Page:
Think about it... Every new language that is written today is written in another programming language that came before it. So, we have only recast the programming model.
Java finally closed the gap on memory management in a way that is powerful and effective (but not completely efficient, it needs a counting collector). What is left?
Many people say that they need lots of different languages, because the features of one language make them more productive in a particular environment. What I am thinking about is the whole tool verses canvas issue. If you have a nail, and your canvas is paper, you can use the nail to do but a few things to the paper. If you have a piece of thread as your tool and your canvas is a fire, what can you do with that thread?
What I have been doing with Java over the years, is picking my canvases, instead of finding a canvas and then picking a tool. What I see happening is that more canvases that are JVMs are popping up in more places. I can now use java 'anywhere'. There are litterly millions of smart cards that use the smartcard jvm. There are small processors like the aJile AJ-100, the systronix.com use of that chip in 'stamp' like packages. There are JVMs for many PDAs. There are JVMs for desktop and server class computers.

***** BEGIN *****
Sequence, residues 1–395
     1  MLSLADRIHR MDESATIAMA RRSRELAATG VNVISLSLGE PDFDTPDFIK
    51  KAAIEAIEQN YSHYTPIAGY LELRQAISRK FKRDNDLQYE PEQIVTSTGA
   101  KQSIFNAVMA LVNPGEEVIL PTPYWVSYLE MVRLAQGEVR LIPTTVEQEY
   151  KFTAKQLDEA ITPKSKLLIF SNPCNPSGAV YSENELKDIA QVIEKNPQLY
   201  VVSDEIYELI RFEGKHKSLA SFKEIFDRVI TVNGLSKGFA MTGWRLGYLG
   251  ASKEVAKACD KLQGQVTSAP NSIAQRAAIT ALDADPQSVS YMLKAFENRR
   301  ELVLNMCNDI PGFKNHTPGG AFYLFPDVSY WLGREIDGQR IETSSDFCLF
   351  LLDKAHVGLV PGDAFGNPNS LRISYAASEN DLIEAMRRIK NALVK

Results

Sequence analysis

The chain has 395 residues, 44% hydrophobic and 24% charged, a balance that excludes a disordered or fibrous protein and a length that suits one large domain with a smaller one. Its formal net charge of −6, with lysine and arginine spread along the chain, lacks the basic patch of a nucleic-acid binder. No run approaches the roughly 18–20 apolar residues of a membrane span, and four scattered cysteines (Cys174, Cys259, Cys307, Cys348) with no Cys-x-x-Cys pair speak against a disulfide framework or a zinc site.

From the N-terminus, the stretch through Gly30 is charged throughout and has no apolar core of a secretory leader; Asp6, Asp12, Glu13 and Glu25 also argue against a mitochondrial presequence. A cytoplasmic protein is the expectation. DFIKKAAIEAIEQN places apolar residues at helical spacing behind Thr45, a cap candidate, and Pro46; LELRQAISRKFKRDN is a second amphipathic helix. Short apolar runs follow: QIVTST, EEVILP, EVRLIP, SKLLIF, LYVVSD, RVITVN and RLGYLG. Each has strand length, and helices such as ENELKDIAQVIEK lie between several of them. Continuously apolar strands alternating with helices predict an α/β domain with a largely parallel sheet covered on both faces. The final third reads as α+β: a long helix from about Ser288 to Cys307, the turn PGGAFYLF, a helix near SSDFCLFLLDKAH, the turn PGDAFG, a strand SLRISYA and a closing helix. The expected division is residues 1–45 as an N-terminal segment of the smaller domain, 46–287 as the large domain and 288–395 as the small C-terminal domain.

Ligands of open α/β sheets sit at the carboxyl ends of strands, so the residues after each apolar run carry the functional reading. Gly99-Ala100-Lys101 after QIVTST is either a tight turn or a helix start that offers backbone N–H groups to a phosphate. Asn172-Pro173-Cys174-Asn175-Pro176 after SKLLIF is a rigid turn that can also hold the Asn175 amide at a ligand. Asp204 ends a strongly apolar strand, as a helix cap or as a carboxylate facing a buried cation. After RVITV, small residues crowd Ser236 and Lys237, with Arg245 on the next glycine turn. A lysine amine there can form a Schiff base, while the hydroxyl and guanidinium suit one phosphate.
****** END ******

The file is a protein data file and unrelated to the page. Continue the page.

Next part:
So, I can be a Java software Artisan in just about any place I go for just about any type of application domain.
There are of course FPGAs, DSPs and other specialized processors that still have their own programming languages and platforms and tools. I suspect that they will linger for some time to come. But, I also know that we've learned a lot about many of these application domains, and there are many solutions that don't need programability anymore. The solution spaces are known, and are being recast into hardware or libraries.
This is how application software developers need to think. Using domain centric patterns and casting them to code once will greatly improve where software evolves to. What we have to get over is creating a new programming language that invalidates all the tools we've already built for so many domains.